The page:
In the early 1990s, when I was editor in chief of Upside, a magazine covering Silicon Valley, I wrote an editorial titled “Marketing Über Alles,” the same headline as on this editor’s note. The point of that editorial was to drive home the idea that marketing was an underappreciated part of creating a successful technology company. Too many technology companies then (and now) believed that the best technology would always win. Instead of focusing on what consumers needed or wanted, companies would concentrate on technical features that engineers thought were important.
There are many examples one can point to when a superior technology lost. One of the most famous is Betamax, a videotape technology developed by Sony in the late 1970s. Betamax was widely acknowledged to be a technically superior format, with better sound and picture quality. But it lost out to a competing technology, VHS (Video Home System), which off ered features that were more important to consumers: a lower price and a longer recording time. The lesson of the videotape wars was tha t technology companies needed to pay closer attention to what consumers wanted.
The same lesson applies to the social sector. Too often, nonprofi t organizations develop what they believe are technically superior programs and services that end up falling fl at because they are not designed with the benefi ciary (i.e., consumer) in mind. In this issue of Stanford Social Innovation Review, we are proud to bring you “Selling Social Change,” a feature story about this very topic.
“Rigorously evaluated evidence-based practices and programs alone cannot trump benefi ciaries’ lack of awareness or interest,” write coauthors Taz Hussein and Matt Plummer from The Bridgespan Group. “Nonprofi ts must learn some of the same demand-generation techniques that forprofi ts have been honing for decades.”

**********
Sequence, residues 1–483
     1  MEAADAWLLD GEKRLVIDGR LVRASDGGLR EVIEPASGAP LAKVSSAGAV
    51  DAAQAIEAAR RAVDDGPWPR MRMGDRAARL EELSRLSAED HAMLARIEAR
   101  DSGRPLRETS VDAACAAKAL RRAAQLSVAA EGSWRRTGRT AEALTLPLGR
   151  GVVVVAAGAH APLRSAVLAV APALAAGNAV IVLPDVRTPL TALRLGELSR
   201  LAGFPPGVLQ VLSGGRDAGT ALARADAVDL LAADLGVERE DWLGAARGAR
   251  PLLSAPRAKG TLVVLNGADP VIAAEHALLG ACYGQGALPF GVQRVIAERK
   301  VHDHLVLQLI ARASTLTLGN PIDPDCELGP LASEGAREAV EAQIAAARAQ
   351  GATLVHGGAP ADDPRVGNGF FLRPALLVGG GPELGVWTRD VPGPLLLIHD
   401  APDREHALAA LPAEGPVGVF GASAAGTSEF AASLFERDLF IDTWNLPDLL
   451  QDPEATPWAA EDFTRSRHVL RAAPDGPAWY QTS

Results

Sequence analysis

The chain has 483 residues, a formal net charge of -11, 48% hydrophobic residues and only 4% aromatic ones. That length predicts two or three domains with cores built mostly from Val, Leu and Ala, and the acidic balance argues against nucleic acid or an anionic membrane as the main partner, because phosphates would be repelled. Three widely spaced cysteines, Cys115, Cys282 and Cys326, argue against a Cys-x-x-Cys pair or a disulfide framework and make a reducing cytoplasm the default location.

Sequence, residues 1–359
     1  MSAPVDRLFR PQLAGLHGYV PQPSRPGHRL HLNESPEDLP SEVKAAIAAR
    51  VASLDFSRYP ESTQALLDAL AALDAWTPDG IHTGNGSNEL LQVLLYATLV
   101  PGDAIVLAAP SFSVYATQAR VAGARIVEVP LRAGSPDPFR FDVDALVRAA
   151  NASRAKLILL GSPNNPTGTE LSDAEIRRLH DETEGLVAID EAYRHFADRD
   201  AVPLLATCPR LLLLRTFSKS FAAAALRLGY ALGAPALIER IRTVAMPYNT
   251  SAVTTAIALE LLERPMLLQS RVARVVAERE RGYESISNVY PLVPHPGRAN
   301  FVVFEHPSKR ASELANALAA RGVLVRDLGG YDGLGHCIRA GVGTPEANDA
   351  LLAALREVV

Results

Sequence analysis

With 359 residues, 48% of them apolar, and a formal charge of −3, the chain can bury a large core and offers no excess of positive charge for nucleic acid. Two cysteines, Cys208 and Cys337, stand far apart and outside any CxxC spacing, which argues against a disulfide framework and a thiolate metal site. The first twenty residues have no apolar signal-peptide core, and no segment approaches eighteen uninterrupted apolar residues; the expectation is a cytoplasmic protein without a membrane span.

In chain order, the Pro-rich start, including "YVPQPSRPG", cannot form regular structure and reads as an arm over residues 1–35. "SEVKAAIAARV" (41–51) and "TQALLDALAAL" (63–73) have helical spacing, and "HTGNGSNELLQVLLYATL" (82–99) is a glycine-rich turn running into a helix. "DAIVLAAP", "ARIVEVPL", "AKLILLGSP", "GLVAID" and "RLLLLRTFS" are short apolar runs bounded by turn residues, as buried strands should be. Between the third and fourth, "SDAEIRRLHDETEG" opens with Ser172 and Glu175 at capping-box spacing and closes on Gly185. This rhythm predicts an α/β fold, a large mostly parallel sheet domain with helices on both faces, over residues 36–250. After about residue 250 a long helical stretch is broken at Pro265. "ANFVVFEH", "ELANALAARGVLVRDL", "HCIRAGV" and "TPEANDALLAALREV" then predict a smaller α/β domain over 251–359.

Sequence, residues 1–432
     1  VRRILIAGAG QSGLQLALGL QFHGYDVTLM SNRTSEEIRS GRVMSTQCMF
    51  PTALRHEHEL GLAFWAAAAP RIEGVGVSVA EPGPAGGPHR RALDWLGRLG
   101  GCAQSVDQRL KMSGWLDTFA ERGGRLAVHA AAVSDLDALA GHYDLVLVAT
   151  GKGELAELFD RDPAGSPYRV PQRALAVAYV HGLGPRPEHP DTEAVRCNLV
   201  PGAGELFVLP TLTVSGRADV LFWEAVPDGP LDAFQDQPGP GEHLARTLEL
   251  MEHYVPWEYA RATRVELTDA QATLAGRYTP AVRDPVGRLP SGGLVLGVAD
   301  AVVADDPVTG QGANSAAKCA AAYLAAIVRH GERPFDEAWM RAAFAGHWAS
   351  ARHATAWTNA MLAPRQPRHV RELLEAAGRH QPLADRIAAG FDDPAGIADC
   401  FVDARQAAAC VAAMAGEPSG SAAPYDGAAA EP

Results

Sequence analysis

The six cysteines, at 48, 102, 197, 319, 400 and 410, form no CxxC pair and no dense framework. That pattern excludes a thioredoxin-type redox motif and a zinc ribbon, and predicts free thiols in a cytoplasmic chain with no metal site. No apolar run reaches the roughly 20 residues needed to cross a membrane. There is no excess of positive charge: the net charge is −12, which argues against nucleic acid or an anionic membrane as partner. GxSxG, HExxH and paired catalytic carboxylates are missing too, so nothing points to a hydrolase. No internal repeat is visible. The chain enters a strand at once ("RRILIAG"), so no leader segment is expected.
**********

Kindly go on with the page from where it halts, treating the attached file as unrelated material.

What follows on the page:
The authors illustrate this issue by examining the Diabetes Prevention Program (DPP), developed by the National Institutes of Health. The program targets people who are at risk of developing type 2 diabetes (close to one-third of the US population). It reduces the risk by getting these people to change their lifestyle.
Numerous organizations now offer DPP, but most have not been successful at signing up signifi cant numbers of people for the program. The reason is that DPP was not designed with sales and marketing in mind. The assumption was that people would sign up for the program simply because it was available and it worked. It was a “build it and they will come” approach.
There is one organization, Omada Health, that took a diff erent tack. Omada tweaked DPP to make it more appealing to customers. For example, they put the program online to make it easier for people to sign up and immediately begin taking lessons at their convenience. In contrast, most other organizations require people to attend a class in person, at a specifi c time and place. The result of Omada’s eff orts: it “expects enrollment to top 100,000 in 2016, fi ve times the number enrolled by all other DPP providers in 2015.”
To be sure, sales and marketing are not by themselves sufficient for success. It also takes an eff ective program or service. But unless nonprofi ts do more to think about their benefi ciaries as customers, then many well-intentioned eff orts will continue to fail.
Read more stories by Eric Nee.